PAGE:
Then, when he was driving out his host, Pythius the Lydian in utter fear of the apparition in the sky and incited by the gifts, went to Xerxes and was saying this: “O master, I would be in need of something from you and want to receive an obtaining, a service which for you in fact is easy to do and for me proves great.”. So Xerxes, thinking he would be in need of everything rather than what he requested, asserted that he would do the service and indeed was bidding say publicly what he was requesting. Then he, when he had heard that, was saying, since he had become bold, this: ”O master, in fact mine are five children and them all it befalls together with you to advance with the army against Greece. You then, o king, me who have come to this point of age pity and one of the children of mine, the oldest, release from the host, that of me myself and my property he may be a caretaker. And the four lead for yourself together with yourself and, having done what you have in mind, may you return back”.
Xerxes became very angry and was replying with this: “O bad human being, do you dare, when I am advancing with an army myself against Greece and leading my children, brothers, relatives and friends, to make mention of your child, although you are my slave, who had to follow with all your house, with your wife herself? Now, well this know completely, that in the ears of human beings a spirit settles that, when it hears good things, with delight fills up the body, but, when it hears the opposite of those, it swells up with anger. Now, when you did good things and were announcing out for youself offers of other things like those, you will not boast that you excelled the king in benefits and, since you have turned yourself to what’s more shameless, you will not receive your due but less than your due. For your entertainments for your guests deliver you and four of your children, but of the one, whom you are trying to hold onto most, by the soul you will be punished”. Then, when he had given that answer, immediately he was bidding those to whom it had been assigned to do that find out the oldest of Pythius’ sons and cut him through his middle and, when they had performed the cutting through, set out the cut halves, one on the right part of the way and one on the left, and there the army go through and out.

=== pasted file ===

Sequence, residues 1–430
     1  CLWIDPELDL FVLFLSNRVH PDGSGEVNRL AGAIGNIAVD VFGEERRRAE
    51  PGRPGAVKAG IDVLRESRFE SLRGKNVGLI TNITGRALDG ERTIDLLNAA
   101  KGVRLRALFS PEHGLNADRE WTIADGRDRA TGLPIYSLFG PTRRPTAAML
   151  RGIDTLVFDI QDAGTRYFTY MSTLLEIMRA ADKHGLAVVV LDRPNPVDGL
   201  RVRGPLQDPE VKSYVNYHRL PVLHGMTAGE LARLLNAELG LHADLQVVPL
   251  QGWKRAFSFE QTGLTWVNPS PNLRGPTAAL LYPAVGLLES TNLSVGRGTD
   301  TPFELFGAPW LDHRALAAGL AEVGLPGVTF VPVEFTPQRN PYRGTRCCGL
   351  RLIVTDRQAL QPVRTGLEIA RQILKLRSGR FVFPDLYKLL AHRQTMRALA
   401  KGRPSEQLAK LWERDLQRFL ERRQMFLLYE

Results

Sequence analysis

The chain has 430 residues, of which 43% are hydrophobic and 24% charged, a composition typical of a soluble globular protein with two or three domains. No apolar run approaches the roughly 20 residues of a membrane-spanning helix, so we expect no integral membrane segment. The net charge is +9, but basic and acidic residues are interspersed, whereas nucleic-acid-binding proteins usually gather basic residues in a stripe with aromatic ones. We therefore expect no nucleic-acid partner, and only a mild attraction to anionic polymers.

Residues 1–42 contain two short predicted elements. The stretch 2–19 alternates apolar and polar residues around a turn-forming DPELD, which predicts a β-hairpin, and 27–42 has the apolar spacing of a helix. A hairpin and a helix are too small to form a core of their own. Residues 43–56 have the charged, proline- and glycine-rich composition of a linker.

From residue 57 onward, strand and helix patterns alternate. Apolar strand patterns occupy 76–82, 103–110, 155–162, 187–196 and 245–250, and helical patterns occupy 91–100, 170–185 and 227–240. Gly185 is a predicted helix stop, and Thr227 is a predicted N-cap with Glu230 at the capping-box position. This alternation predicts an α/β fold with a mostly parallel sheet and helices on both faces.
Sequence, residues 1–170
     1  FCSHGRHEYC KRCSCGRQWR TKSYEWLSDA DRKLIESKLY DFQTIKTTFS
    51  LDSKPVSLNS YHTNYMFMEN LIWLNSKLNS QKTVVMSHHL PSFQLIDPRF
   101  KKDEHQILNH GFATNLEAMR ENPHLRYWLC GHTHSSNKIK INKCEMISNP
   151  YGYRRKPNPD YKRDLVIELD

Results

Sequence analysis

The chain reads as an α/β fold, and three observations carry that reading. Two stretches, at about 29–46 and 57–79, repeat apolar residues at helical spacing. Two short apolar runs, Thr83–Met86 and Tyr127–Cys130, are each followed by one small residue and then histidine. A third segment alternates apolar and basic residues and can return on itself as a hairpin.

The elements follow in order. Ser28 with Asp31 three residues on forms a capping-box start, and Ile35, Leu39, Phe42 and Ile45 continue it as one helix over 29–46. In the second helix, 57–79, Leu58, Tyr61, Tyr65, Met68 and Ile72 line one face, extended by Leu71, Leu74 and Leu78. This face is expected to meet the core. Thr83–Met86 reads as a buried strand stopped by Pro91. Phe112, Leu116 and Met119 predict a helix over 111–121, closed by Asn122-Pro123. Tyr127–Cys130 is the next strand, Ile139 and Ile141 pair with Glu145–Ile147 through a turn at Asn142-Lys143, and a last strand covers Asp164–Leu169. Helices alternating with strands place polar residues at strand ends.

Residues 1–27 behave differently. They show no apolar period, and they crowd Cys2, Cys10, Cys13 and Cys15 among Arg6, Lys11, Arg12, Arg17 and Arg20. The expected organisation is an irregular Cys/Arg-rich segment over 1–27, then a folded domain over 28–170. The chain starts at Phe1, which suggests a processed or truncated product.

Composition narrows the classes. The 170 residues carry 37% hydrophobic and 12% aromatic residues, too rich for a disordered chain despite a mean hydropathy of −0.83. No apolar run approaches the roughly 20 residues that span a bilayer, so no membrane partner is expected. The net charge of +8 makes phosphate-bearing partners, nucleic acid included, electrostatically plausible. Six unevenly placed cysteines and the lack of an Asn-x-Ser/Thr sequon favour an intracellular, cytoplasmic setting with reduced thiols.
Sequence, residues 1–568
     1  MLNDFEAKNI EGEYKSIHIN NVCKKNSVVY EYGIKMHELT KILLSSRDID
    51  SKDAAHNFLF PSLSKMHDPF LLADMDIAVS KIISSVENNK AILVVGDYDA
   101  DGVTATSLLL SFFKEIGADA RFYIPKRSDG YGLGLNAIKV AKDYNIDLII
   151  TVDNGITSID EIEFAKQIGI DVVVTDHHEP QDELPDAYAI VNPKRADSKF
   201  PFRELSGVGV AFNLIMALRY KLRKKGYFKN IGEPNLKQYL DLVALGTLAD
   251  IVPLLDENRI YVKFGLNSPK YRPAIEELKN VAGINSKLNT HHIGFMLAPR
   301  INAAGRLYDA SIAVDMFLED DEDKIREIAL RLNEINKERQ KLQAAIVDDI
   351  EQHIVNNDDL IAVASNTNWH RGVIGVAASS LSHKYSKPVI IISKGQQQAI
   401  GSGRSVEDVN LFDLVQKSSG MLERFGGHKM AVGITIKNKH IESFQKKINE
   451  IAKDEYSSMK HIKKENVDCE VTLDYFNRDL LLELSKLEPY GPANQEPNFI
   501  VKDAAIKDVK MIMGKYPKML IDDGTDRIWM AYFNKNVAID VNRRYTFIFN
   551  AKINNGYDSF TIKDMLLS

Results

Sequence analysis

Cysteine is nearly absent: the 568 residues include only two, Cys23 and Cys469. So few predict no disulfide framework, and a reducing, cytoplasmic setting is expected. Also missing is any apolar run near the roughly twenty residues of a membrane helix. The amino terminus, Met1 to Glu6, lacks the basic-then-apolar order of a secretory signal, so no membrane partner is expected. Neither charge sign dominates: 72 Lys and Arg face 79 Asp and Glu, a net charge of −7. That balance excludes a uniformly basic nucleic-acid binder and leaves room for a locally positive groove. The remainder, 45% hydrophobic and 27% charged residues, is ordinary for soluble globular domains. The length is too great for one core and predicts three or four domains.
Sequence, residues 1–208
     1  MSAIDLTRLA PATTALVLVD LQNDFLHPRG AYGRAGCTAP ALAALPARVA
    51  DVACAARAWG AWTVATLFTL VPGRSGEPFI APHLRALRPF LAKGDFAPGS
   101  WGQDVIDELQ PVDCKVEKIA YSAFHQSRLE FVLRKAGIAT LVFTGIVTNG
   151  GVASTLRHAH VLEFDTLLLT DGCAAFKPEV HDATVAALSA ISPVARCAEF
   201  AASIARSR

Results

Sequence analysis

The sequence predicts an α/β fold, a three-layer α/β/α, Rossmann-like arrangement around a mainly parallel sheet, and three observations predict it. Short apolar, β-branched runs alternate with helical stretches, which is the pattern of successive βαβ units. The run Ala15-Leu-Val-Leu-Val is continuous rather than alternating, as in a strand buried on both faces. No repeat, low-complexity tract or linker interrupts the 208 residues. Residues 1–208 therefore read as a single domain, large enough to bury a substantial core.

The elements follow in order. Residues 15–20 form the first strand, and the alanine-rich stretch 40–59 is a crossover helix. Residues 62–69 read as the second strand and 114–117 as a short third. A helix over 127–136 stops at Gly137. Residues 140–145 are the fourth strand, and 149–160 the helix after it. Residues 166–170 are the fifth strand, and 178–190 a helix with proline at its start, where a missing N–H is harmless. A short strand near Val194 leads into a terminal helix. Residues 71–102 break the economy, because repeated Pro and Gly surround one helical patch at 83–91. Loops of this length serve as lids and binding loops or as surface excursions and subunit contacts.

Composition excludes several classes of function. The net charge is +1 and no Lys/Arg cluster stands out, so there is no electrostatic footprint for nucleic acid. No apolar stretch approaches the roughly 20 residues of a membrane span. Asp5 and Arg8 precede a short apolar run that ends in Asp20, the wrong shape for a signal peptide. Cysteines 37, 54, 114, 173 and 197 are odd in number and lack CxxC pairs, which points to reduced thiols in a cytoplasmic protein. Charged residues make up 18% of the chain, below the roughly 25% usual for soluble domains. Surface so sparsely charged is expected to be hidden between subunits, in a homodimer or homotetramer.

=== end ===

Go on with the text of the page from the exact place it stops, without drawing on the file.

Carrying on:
So, those having done that, after that the army went through and out. The carriers of equipment and the yoke-animals first were leading and after those an army of nations of all kinds mixed up, not in a state of being in divisions. And where over half were, a space was left between and those were not communing with the king. Indeed a thousand horsemen were leading forth, selected from all Persians, afterwards a thousand spear-bearers, those also selected from all, who had turned their spear-heads down to the earth, and afterwards ten horses called sacred Nesaean adorned as beautifully as possible. And they are called Nesaean horses after this place: a large plain in the Median land it is, whose name is Nesaean. Hence indeed that plain produces large horses. And behind those ten horses the sacred chariot of Zeus was stationed on, which eight white horses were drawing, and again, behind the horses followed on foot a charioteer who was holding onto the reins—for indeed no one among human beings onto that seat steps up—and behind that Xerxes himself on a chariot with Nesaean horses, while by him was standing a charioteer, whose name was Patiramphes, child of Otanes, a Persian man.
Xerxes drove out thus from Sardis and stepped out and changed his place, whenever a whim took him, from the chariot to a covered chariot .And behind him were spear-bearers among the Persians, the best and most well-born thousand, with their spear-heads in accordance with law, afterwards another thousand horse, selected from the Persians, and after the horse, selected from the Persians left, ten thousand; that was the foot and of those a thousand on their lances instead of spikes had golden pomegranates and all round they were enclosing all the others, while the nine thousand, being within those, had silver pomegranates. And those who turned their spear-heads to the earth also had golden pomegranates and those following nearest Xerxes apples. Then behind the ten thousand were stationed ten thousand horse of the Persians and after the horse a space was also left between of two stades and thereafter the remaining crowd went mixed up.
Now, from Lydia the army was going its way to the river Caicus and the Mysian land and, when it had set off from Caicus, with the mountain of Cane on the left through Atarneus to the city of Carene. Then from that land through the plain of Thebe it was making its way and was passing by the city of Atramytteium and the Pelasgian Antandrus. Then, having taken hold of Ide, to the left side it went, to the land of Ilium. And first on it, when under Ide a night it had waited up, thunderclaps and hurricanes fell in and a numerous crowd right there destroyed.